Thursday, May 26, 2005

The Endless Energy Well In The Deep Sea

Overview of the Craven process

Via Wired, a pretty interesting story about one Dr. John Piña Craven, the "brilliant psychotic" behind the Navy's Polaris program, and now with an equally half-crank, half-why-didn't-I-think-of-that solution to the world's energy problems: placing pipes to the ocean deeps to harvest the temperature differential between the upper (warm) layers of the oceans and the lower (near freezing) depths.
Craven's system exploits the dramatic temperature difference between ocean water below 3,000 feet - perpetually just above freezing - and the much warmer water and air above it. That temperature gap can be harnessed to create a nearly unlimited supply of energy. Although the scientific concepts behind cold-water energy have been around for decades, Craven made them real when he founded the state-funded Natural Energy Laboratory of Hawaii in 1974 on Keahole Point, near Kona. Under Craven, the lab developed the process of using cold deep-ocean water and hot surface water to produce electricity. By the 1980s the Natural Energy Lab's demonstration plant was generating net power, the world's first through so-called ocean thermal energy conversion.

"The potential of OTEC is great," says Joseph Huang, a senior scientist for the National Oceanic Atmospheric Administration and an expert on the process. "The oceans are the biggest solar collector on Earth, and there's enough energy in them to supply a thousand times the world's needs. If you want to depend on nature, the oceans are the only energy source big enough to tap."

The US Navy has signed a deal to put an OTEC power plant on the tiny island speck of Diego Garcia, a naval base some hundreds of miles south of India; as well, they have a project in the works to build an OTEC plant on Saipan.

Here's how Craven plans to generate power from the cold water:

Pipes draw warm water from the ocean surface and cold water from the seabed. The warm water enters a vacuum chamber and is evaporated into steam that drives an electricity-producing turbine. The cold water condenses the steam back into water for drinking and irrigation.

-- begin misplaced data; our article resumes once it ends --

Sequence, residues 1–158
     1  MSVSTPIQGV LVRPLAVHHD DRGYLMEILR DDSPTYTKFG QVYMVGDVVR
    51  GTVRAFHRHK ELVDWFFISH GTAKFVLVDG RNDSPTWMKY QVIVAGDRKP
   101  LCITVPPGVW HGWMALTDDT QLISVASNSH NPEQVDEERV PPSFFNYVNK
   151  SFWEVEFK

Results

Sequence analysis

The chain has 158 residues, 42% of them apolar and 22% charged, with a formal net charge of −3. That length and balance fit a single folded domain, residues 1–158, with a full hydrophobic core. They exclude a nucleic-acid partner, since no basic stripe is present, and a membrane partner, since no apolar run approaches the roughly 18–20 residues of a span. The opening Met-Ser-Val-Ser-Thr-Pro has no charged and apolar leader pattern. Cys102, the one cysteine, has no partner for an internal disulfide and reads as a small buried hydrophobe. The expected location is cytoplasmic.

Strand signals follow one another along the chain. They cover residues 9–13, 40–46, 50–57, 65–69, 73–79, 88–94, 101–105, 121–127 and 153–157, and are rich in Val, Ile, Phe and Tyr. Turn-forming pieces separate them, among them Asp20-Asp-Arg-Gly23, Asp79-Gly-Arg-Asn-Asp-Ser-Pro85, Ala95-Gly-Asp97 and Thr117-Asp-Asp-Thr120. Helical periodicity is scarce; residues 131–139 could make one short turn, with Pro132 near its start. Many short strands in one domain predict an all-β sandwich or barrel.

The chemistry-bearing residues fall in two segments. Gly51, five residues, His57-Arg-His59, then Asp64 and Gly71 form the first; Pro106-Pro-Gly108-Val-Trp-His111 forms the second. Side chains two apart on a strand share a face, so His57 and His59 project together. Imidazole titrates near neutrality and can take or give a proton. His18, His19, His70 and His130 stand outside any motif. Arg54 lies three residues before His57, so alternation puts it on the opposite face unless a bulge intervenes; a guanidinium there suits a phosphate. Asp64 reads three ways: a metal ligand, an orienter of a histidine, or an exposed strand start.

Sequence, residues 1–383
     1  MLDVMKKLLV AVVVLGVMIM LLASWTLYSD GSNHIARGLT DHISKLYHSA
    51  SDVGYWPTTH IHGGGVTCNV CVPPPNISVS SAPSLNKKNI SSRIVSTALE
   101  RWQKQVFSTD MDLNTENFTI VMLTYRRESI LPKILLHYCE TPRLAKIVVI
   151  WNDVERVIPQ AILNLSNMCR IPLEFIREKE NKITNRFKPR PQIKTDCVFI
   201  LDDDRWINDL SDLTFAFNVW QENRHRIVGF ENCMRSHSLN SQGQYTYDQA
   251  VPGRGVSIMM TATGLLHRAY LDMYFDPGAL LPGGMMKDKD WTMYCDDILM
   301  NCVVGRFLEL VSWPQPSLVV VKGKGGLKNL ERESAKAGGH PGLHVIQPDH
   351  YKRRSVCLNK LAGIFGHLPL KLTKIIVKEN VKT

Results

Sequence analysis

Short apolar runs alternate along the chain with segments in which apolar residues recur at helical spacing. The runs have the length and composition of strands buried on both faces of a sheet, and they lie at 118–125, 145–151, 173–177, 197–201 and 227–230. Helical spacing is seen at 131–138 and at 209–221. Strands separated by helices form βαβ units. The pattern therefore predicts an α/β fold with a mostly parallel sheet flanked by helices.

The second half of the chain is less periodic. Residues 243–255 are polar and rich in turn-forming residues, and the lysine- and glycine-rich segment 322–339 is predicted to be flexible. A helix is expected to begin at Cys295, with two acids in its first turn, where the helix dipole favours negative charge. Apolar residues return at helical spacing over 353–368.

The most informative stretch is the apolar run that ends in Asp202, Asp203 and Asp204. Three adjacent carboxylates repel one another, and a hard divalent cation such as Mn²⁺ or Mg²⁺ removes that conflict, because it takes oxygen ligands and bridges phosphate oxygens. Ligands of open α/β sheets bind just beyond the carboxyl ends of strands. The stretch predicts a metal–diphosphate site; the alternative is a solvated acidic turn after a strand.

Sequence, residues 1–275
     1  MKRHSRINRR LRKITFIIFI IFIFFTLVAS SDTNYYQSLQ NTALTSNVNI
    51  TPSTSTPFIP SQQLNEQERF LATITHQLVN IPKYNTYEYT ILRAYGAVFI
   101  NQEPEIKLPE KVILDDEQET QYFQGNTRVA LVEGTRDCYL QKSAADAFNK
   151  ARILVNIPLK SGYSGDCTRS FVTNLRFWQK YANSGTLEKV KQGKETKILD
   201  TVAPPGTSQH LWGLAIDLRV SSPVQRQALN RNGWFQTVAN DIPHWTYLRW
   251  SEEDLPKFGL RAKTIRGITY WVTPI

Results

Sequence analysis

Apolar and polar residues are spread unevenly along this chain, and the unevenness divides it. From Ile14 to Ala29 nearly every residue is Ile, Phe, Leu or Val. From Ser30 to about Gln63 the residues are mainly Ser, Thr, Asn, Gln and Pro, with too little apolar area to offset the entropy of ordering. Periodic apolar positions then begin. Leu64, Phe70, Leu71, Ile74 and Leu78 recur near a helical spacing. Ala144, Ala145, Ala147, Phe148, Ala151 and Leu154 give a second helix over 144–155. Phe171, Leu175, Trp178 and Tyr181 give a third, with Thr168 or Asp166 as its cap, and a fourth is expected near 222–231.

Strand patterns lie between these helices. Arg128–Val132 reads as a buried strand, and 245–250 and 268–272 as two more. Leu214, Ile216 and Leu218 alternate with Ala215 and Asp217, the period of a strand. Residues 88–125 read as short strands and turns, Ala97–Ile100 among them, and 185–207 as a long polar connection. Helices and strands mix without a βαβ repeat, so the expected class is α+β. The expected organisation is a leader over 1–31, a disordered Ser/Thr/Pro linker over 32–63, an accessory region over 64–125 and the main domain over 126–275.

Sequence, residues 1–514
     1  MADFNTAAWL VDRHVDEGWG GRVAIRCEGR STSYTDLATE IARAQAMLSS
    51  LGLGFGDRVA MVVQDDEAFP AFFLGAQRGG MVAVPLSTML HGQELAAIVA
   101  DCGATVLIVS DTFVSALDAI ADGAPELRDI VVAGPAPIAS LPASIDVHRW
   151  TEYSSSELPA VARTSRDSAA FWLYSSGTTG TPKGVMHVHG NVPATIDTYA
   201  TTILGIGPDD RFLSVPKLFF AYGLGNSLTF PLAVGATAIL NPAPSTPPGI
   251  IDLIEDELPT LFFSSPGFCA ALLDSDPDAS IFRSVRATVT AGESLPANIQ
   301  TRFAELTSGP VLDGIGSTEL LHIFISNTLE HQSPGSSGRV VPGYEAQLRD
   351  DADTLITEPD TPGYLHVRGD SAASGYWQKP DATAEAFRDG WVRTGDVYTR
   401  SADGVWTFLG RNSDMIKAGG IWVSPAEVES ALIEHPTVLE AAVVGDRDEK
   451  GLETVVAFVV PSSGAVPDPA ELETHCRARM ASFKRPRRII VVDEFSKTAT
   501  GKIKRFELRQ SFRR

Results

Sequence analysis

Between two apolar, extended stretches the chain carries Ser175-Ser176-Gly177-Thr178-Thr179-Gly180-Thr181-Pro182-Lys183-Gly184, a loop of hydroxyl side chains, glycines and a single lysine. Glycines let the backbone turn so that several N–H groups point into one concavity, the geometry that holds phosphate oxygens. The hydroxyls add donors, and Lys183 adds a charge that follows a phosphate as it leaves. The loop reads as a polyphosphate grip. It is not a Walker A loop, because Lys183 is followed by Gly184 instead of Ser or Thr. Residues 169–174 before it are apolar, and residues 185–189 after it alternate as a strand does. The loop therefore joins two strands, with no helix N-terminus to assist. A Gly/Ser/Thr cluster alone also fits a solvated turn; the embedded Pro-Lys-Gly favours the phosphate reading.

Aside from power generation, the cold water can be used to generate freshwater (through sweating), force plants into producing more fruit than they would otherwise (he claims "he can get three crops of grapes a year and pineapples in eight months instead of the usual 18"), and provide immensely cheaper air conditioning. According to testimony (PDF) before the U.S. Commission on Ocean Policy, using deep ocean water for refrigeration reduces costs by 90%. In that same document, he presages the Engineer-Poet's call to bury nuclear power generators -- only Craven suggests they be sunk deep in the ocean. Drawing on his experience with nuclear submarine design, he writes
There is a supplementary energy resource that has already been developed and deployed for almost fifty years. It is the pressurized water nuclear reactor as employed and deployed in American military submarines. These reactors are fail safe. Unlike many land based versions of nuclear power they will not go critical if they lose their water or if they are destroyed by accident or act of terrorism. Thirteen feet of water is as effective a shield as one foot of lead. If by war or accident or terrorist sabotage they are crushed in ocean depths their tomb is shielded from the atmosphere in a way that no land based or space based reactor can match.
Fascinating, mad-scientist stuff.

Update 5/27: here's a link to the Common Heritage Corporation. Further information on OTEC technology can be found at the National Renewable Energy Laboratory, which in fact no longer performs research in this area. One reason to be somewhat skeptical about the outcome of OTEC anywhere but the Hawaiian Islands is made readily apparent by this map:

NREL map of oceanic depths

The problem for most of the developed world is that it is either too shallow in the oceans near the coasts, and/or the temperature gradients are too low.